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ROB Magazine

Compensation for CEOs has soared since 2008, while most workers have been treading water. Paying chief executives with stock was supposed to fix the problem—but it has only made things worse

For a few months there, 2016's political earthquakes seemed to signal a power shift away from the 1%. What started with the Brexit vote escalated when Donald Trump won the White House. Now, as we barrel toward an apocalypse incited by ill-advised presidential tweets, all that anti-elite anger has somehow been forgotten—and with it, any hope of a crackdown on runaway CEO pay.

Need proof this is an outrage that must be reined in? In an era of ruthless corporate cost-cutting and job losses, CEO pay on both sides of the Canada-U.S. border is astronomical. According to the Canadian Centre for Policy Alternatives, the top 100 highest-paid CEOs in Canada made, on average, $9.5 million a year in 2015. That's 193 times the average industrial worker's wage and a 30% increase from 2008, the start of the global financial crisis.

Take H&R REIT: CEO Tom Hofstedter won the corporate governance lottery last year when his board blessed him and fellow executives with a batch of exceptionally lucrative stock options (on top of the $78-million worth of stock he already owned). In a perfect world, options are granted at idealistic future prices, as a reward to executives for boosting the company's equity value. But H&R's board issued Hofstedter's practically at-the-money, which meant he could use them to buy shares almost right after he got them. And the timing happened to fall in late February, 2016—the same month H&R's stock fell to its lowest level in over five years.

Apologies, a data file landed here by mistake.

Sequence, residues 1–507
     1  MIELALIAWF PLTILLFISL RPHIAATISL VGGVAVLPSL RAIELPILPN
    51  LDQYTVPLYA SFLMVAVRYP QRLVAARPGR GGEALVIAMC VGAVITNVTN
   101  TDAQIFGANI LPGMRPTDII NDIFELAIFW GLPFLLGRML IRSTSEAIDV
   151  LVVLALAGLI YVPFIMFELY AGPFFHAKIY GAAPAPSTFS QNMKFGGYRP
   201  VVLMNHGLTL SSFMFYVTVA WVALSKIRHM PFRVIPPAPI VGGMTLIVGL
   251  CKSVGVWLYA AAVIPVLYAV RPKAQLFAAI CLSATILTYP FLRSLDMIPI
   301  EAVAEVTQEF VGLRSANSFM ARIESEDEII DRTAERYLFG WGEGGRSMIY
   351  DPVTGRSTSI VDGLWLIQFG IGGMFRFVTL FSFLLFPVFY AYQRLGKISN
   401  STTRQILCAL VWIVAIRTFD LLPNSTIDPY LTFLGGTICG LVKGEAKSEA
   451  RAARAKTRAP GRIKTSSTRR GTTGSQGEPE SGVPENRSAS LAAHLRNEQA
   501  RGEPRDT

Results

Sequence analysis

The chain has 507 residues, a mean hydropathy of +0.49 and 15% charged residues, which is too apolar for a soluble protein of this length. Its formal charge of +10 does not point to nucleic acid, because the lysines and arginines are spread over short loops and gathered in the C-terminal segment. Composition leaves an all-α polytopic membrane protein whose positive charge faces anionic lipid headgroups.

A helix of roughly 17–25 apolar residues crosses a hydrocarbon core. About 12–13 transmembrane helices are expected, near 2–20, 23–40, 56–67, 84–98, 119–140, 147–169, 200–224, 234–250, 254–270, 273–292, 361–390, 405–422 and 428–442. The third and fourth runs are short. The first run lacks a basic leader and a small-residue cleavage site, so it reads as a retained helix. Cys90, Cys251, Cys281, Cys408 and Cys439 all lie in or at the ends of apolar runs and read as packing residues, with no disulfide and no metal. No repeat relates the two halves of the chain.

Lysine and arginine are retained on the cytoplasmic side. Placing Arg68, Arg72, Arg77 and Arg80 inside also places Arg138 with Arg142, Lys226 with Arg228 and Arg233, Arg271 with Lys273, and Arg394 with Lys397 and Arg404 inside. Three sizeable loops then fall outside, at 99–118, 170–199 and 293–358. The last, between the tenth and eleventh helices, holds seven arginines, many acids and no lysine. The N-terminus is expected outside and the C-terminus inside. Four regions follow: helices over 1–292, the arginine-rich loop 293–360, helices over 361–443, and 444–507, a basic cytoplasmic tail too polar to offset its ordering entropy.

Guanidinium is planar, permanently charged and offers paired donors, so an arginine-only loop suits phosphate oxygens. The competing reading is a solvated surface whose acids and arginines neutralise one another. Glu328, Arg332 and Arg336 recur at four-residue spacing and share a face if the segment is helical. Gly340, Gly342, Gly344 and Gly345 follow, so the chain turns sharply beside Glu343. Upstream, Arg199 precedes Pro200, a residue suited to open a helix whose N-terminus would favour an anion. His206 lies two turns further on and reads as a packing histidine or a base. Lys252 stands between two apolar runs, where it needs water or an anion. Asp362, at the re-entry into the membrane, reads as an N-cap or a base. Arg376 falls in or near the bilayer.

The stock rebounded in a flash, and by the end of 2016, the total options package for five executives was worth roughly $21 million. Hofstedter's take amounted to $11.8 million. Not a bad annual bonus, especially given H&R's lacklustre performance.

It goes on. In March, Bombardier's board had the audacity to pay the top five executives and executive chairman $32.6 million (U.S.) in 2016—a one-year increase of almost 50%—even though the fallen aerospace angel is now effectively a ward of the state. In the U.S., Westinghouse Electric disclosed in May that it awarded its former chairman and CEO $19 million (U.S.) last year—right before the nuclear power giant filed for bankruptcy.

In a perfect world, corporate directors and chief executives themselves would rally around the outrageous pay issue the way they've come together to save the Paris Agreement on climate change. But let's be honest: Executives who stand to make millions in bonuses and other perks probably aren't going to be the ones to call for a reduction in their own compensation. For one thing, pay packages are deeply personal, serving as a measure of worth, so psychological issues flare up pretty quickly. You can blame the cult of the all-star CEO for that (thanks a lot, Jack Welch).

Unfortunately, average investors are largely powerless here. And unless a truly flagrant foul hits the front page, chances are they don't even know how much CEO X gets paid, since pay disclosure is so unbelievably complicated to navigate, with the really egregious stuff—like one-time bonuses and departure packages—often buried in dense footnotes.